TOPPENISH, WA - Meetings have continued to take place to help gather as much information as possible to understand why hundreds if not thousands of Indigenous women are missing in Washington state.
These efforts are part of House Bill 2951 in which the Washington State Patrol (WSP) is allowed to conduct a study to try and determine what resources can be used to increase reporting and how to better the investigating of Indigenous women.
More than seven meetings have taken place.
On Monday a second meeting took place in Yakima County to hear from the Yakama Nation and it was revealed that there was confusion on how to report a missing person.
"What has kind of come forward is just understanding who to make the report to. You know in some cases where a person is missing just knowing what jurisdiction to go to. Is it their local, is it the county, is it the city and at that point and time who do they follow back up with," said Craig Bill, Executive Director, Washington State Governor's Office of Indian Affairs
Members of Yakama Nation say these meetings are allowing their voices to finally be heard.
"Everybody is making each other aware of the situation and where we stand and that's the first thing that you have to do in any situation, is to make people aware of what the problem is," said Charlene Tillequots, Yakama Nation member.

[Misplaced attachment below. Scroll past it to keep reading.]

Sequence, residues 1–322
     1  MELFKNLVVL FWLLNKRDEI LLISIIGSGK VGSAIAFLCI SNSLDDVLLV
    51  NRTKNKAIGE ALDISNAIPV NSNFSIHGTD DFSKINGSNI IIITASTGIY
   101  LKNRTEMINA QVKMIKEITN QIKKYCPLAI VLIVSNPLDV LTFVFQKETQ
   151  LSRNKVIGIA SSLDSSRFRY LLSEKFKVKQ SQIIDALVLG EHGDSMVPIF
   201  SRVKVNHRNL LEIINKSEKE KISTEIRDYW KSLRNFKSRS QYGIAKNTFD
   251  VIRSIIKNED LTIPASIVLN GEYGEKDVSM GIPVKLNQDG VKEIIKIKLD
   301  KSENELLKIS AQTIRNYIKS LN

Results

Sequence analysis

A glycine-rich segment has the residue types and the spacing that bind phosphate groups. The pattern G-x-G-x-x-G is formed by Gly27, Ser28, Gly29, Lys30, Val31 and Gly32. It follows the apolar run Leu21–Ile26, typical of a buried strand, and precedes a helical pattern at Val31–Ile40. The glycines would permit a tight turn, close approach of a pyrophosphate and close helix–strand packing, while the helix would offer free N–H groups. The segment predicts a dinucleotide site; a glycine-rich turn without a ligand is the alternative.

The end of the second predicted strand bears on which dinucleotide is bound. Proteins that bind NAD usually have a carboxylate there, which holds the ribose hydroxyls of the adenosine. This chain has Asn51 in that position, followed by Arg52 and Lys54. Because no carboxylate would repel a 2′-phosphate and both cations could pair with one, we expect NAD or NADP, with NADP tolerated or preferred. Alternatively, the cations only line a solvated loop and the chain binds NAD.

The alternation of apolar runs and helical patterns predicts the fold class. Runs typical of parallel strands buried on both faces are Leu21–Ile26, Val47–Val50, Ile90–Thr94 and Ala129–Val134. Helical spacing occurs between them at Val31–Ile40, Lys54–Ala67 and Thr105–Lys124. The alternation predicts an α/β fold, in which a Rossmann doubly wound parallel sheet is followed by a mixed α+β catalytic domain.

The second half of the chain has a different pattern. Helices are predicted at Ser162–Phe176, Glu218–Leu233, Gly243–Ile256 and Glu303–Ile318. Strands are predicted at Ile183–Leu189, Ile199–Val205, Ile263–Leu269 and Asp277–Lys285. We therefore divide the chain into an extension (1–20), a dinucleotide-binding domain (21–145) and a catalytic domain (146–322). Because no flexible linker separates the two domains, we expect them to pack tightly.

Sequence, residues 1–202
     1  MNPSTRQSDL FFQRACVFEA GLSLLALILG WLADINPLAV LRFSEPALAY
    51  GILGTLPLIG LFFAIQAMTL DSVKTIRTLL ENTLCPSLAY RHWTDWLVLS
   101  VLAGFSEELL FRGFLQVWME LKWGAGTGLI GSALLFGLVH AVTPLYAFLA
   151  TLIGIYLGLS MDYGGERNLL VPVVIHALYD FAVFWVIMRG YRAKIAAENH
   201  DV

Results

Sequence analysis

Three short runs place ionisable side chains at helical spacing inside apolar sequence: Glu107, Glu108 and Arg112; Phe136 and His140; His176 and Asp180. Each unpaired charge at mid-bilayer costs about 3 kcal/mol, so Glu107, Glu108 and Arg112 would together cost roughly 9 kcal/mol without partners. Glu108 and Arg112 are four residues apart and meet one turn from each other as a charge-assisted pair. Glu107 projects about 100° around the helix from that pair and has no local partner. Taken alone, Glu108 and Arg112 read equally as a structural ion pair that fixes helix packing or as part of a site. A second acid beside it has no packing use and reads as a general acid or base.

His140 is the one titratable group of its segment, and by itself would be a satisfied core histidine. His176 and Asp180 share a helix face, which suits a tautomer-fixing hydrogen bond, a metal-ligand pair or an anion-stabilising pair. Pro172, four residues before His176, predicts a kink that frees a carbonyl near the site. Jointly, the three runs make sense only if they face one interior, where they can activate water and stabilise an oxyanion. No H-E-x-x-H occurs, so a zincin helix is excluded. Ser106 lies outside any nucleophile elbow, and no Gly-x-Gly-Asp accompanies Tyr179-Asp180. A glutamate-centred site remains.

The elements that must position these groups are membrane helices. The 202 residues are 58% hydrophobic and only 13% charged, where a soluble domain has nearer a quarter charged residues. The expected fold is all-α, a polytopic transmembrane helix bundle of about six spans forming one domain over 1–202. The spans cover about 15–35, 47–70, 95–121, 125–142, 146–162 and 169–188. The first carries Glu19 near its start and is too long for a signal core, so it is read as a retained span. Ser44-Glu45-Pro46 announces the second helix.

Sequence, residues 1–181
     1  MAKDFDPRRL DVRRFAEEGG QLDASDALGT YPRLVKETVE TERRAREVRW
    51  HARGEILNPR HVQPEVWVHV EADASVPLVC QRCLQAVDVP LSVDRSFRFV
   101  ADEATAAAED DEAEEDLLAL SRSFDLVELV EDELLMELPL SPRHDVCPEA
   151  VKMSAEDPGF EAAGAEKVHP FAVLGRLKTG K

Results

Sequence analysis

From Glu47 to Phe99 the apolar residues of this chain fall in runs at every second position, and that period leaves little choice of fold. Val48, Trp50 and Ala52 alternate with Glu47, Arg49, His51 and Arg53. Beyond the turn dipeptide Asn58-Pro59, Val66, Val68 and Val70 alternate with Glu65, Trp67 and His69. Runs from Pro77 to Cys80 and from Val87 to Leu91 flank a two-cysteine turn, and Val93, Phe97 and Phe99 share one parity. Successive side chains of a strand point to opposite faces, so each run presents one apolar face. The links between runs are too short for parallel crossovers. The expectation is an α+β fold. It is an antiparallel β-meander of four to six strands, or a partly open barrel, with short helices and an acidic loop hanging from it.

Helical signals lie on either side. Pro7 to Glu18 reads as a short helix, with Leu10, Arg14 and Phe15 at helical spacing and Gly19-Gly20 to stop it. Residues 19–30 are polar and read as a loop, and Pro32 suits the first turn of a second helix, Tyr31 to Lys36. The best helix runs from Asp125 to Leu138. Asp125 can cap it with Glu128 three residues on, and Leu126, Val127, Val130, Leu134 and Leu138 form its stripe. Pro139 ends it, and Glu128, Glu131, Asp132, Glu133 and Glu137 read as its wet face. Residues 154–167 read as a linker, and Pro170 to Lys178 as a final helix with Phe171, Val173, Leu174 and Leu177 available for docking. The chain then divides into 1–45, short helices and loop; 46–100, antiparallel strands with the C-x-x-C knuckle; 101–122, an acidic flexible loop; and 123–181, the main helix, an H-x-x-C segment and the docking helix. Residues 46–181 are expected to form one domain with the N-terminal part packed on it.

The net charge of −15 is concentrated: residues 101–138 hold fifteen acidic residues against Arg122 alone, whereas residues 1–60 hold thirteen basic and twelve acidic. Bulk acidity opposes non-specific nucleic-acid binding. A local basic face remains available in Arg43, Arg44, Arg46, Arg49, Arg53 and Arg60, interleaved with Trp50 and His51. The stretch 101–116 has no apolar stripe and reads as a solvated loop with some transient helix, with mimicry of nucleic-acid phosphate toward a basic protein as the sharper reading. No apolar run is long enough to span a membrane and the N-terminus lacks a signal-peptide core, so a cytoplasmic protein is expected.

Lottie Sam, another Yakama Nation member says that in the past Native women have been scared to report any kind of issues they experience.
"With a couple of the victims that had provided testimony to me they felt that, they did try to call in, and when they did call in that they weren't taken seriously about being assaulted because they were a women," said Sam.
Information will continue to be gathered until June 1st, which is when WSP must report the results of the study to Legislature .
WSP must include the number of missing Native American women in the state of Washington, address the barriers that Native Americans encounter when reporting and what resources can be used. Along with a solution for this ongoing issue.